February 20, 2017
French corporate and investment bank Natixis suggested on FXStreet News that there is a 44% chance of the first of the rate hikes next month (up from 24% last week). Natixis still maintains its view that the first of the hikes is likelt to come in June, however if they keep seeing positive surprises on the inflation metrics, they could revise this.
The issue that faces the Federal Reserve is that if it does not hike rates in March, key European elections in March, April and May could result in more pro-populist, anti-establishment results which would effectively tie its hands until June.
The Elephant in the room is once again Greece and its looming debt payments in July. For Greece a negotiation is needed, not an asset grab by its European cousins. For its EU creditors, this is something that they are unwilling to do, which is putting them on a direct collision with the IMF, which wants to see more debt relief and easier targets before it commits to any further bailouts.
If they fail to come to terms by July we could once again see a possible Grexit – of the Euro, not the European Union – rearing its head.
Yellen has previously held off committing to raising interest rates on the basis of European economic uncertainty. A Greenback that is getting increasingly stronger could temper the Fed’s ‘three-hike’ ambitions as Trump’s economic policies clearly point to a stronger dollar, again, creating uncertainty for the Fed.
Last year the Fed targeted four hikes and failed to achieve them. If they don’t hike in March, then it is likely they will fail to reach their targets for a second year running.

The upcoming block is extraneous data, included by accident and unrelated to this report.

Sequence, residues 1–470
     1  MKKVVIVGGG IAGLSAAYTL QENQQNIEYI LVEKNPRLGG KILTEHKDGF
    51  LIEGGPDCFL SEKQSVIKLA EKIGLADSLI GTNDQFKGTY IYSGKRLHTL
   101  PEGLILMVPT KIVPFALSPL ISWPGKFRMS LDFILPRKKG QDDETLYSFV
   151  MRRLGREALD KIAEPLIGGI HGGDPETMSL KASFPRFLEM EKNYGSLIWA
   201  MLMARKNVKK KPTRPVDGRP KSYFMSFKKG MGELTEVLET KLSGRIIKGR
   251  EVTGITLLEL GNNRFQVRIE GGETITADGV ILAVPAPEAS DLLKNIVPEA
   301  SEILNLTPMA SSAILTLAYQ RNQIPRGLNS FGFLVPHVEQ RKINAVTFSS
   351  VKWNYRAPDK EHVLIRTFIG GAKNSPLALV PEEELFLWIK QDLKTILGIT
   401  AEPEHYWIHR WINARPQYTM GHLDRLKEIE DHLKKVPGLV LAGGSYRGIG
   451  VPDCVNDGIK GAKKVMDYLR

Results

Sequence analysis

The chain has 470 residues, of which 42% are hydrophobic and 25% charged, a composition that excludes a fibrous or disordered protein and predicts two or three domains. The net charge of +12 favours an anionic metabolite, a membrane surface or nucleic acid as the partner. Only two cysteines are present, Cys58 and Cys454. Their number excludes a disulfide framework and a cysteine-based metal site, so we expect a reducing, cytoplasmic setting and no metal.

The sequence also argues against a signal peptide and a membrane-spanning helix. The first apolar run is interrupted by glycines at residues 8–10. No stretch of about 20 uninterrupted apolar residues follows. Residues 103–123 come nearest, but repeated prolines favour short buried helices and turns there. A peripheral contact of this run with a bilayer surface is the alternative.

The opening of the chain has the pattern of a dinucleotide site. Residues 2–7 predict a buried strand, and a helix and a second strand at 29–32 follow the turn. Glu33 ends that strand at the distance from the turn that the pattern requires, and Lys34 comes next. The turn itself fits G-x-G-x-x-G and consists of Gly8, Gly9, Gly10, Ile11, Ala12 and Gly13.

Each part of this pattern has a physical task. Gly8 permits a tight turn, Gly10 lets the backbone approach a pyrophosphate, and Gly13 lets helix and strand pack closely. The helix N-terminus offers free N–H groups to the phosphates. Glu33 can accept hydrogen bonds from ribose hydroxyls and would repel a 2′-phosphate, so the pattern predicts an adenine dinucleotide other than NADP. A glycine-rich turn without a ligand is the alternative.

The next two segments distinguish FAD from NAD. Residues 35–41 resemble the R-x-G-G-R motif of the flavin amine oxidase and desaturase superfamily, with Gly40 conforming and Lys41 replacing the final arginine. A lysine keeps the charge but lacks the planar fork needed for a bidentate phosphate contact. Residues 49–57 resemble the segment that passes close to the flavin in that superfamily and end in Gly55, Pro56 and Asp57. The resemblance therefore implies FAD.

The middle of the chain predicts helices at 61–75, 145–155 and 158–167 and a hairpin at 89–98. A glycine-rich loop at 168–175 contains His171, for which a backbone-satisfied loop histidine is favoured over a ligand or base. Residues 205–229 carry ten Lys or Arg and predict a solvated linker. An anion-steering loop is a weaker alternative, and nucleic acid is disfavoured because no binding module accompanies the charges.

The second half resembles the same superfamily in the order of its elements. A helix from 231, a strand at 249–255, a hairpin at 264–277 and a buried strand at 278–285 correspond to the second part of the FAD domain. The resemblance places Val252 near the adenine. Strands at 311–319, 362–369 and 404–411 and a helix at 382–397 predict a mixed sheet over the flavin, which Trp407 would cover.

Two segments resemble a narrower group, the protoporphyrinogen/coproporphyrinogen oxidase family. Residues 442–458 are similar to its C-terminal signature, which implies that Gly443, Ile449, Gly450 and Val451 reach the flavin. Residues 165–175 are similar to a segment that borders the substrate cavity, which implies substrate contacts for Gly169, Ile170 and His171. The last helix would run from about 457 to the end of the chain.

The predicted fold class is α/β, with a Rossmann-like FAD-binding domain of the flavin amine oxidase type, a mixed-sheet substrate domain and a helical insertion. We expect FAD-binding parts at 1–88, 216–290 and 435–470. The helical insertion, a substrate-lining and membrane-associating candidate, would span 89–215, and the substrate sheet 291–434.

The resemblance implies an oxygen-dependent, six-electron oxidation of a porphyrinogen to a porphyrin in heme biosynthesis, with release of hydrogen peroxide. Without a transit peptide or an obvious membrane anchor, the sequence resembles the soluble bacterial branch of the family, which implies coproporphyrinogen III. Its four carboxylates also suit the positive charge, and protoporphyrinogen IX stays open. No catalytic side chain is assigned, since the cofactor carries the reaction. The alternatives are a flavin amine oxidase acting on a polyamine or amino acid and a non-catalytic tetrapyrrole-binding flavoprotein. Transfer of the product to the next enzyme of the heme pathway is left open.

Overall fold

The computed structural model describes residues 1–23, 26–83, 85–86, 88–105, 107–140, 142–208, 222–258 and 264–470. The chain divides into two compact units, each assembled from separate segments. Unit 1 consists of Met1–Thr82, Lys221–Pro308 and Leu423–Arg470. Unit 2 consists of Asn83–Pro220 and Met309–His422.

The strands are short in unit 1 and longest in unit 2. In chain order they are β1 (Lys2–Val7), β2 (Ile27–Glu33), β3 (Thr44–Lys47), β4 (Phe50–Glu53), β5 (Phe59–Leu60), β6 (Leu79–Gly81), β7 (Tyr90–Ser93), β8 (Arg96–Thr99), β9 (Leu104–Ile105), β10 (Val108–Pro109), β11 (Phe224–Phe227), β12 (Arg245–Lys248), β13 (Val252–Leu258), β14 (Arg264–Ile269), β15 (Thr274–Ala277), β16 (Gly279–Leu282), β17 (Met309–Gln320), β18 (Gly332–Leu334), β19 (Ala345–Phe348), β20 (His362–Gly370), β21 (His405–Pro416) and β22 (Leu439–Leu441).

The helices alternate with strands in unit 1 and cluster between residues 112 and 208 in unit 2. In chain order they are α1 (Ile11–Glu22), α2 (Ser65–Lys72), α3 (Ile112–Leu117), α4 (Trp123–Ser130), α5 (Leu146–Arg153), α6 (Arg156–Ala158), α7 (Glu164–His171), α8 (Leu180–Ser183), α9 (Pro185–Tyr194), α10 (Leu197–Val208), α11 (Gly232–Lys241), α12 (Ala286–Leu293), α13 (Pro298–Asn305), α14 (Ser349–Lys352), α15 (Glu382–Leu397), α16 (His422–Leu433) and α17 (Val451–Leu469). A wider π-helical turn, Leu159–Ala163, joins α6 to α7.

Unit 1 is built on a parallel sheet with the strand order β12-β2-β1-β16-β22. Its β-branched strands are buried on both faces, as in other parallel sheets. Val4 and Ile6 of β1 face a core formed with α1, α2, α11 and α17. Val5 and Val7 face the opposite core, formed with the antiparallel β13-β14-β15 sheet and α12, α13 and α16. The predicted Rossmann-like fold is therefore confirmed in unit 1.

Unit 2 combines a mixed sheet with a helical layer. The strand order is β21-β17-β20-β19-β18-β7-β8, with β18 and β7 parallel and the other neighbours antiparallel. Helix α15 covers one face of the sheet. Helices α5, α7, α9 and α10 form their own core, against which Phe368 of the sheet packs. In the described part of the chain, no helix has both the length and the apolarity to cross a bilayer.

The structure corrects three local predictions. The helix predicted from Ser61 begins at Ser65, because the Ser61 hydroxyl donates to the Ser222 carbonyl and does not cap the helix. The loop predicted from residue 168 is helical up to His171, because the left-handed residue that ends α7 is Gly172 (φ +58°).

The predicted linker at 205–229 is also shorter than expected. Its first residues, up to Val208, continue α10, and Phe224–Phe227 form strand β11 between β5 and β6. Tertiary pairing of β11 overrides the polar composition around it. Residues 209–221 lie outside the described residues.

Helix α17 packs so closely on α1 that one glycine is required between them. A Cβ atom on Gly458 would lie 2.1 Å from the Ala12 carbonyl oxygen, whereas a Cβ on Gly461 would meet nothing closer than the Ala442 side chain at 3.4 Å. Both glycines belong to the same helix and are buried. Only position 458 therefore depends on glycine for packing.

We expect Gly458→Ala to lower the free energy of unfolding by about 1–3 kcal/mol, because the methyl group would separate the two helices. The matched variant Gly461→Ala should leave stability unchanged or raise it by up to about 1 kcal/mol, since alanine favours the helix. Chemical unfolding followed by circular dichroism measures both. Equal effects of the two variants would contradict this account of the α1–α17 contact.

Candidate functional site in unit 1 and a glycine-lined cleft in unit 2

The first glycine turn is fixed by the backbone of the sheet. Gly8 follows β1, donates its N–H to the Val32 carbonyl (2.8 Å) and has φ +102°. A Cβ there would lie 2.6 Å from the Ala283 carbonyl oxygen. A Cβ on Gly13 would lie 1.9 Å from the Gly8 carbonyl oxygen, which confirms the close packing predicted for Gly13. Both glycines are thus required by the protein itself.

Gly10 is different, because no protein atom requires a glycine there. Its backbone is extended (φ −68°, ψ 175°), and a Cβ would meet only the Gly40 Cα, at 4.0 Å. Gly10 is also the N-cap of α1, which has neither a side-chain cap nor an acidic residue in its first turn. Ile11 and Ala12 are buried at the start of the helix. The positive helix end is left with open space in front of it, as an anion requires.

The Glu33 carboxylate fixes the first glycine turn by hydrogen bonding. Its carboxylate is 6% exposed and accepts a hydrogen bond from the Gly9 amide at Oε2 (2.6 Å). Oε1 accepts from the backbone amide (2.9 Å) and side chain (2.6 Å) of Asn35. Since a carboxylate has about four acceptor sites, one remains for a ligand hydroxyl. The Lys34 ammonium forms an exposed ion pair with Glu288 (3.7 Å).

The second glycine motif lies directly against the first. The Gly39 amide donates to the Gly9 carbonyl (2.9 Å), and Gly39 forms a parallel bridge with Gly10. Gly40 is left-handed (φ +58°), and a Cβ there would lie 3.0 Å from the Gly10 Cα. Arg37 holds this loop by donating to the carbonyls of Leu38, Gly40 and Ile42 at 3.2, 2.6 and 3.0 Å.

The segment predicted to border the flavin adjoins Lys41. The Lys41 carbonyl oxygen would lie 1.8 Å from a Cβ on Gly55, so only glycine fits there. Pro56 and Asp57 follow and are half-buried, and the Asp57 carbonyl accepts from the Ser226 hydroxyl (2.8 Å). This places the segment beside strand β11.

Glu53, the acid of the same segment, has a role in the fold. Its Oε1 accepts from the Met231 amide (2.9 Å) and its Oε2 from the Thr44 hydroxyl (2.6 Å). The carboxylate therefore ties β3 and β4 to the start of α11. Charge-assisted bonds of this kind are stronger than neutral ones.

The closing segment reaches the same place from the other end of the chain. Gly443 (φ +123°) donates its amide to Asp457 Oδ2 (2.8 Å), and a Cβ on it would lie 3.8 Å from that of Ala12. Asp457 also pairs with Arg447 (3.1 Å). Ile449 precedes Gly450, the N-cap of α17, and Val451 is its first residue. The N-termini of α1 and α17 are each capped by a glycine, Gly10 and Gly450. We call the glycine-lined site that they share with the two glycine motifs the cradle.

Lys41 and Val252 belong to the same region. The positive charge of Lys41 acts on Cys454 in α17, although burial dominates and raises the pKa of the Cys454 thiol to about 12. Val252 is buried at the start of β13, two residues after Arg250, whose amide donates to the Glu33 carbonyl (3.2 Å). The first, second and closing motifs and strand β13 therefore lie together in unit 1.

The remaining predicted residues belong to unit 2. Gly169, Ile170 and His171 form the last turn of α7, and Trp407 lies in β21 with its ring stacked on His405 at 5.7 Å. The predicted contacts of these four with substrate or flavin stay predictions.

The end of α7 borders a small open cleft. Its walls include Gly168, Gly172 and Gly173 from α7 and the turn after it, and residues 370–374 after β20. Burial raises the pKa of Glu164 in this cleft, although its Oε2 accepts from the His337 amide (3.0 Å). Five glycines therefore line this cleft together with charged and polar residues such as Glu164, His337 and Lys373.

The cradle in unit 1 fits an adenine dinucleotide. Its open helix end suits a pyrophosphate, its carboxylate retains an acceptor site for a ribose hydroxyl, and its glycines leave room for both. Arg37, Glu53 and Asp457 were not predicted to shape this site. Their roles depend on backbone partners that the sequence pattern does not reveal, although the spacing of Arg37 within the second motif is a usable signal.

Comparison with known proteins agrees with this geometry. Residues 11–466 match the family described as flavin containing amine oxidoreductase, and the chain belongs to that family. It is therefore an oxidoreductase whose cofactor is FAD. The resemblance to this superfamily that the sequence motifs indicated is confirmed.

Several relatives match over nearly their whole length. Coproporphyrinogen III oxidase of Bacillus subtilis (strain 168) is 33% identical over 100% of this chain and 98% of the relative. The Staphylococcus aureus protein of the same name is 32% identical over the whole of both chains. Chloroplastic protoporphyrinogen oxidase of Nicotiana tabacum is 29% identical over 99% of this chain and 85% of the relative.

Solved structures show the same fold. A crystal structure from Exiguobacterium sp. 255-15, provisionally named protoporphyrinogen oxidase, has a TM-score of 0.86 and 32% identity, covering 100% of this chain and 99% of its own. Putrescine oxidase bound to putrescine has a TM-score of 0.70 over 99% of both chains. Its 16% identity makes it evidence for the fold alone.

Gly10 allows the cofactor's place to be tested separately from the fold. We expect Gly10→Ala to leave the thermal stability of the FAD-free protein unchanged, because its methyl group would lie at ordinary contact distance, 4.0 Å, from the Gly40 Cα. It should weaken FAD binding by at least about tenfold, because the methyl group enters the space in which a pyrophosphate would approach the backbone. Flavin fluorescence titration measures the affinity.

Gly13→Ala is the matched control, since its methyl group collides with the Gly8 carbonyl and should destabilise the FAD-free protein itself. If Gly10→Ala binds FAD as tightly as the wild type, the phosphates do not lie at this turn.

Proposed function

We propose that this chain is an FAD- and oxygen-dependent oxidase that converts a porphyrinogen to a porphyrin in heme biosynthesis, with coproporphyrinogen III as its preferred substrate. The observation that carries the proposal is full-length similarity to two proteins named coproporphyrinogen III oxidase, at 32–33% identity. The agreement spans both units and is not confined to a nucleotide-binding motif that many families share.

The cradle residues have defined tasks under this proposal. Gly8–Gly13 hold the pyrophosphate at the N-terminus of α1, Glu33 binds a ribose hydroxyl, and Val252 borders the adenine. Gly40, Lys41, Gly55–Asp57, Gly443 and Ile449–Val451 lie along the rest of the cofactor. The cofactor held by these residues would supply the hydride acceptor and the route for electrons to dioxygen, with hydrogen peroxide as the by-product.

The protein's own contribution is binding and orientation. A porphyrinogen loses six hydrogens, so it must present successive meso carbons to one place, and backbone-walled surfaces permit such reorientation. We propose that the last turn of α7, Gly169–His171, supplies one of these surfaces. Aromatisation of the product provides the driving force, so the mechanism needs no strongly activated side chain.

Currencies, debt, equities and commodities will all be affected by the uncertainty in the markets. More pro-populist votes do not by themselves signal the breakup of the EU, but they will mean reform at the very least, with potential referendums if this is not achieved.
A failure by Yellen to raise rates in March would suggest three rate hikes by year end are off the table – not to mention a potential clash between the IMF and the EU.
For the money markets which try to make money from market movements, the big question is what does this all mean?
Directionally, a weaker Euro should push equity valuations up in the near term. For commodities that correlate to the US$, things will become increasingly unclear if the Fed does not hike rates next month. What we do know is that market uncertainty and volatility go hand in hand, and this is where the clever money will be heading.
Option volatility should be the hedge of choice for many institutions. If there is ever a time to buy the rumour and sell the fact, then option volatility could be the place to be.
So there may be trouble ahead, but this may not come to fruition. However, the potential uncertainty should be enough to push implied volatility levels higher.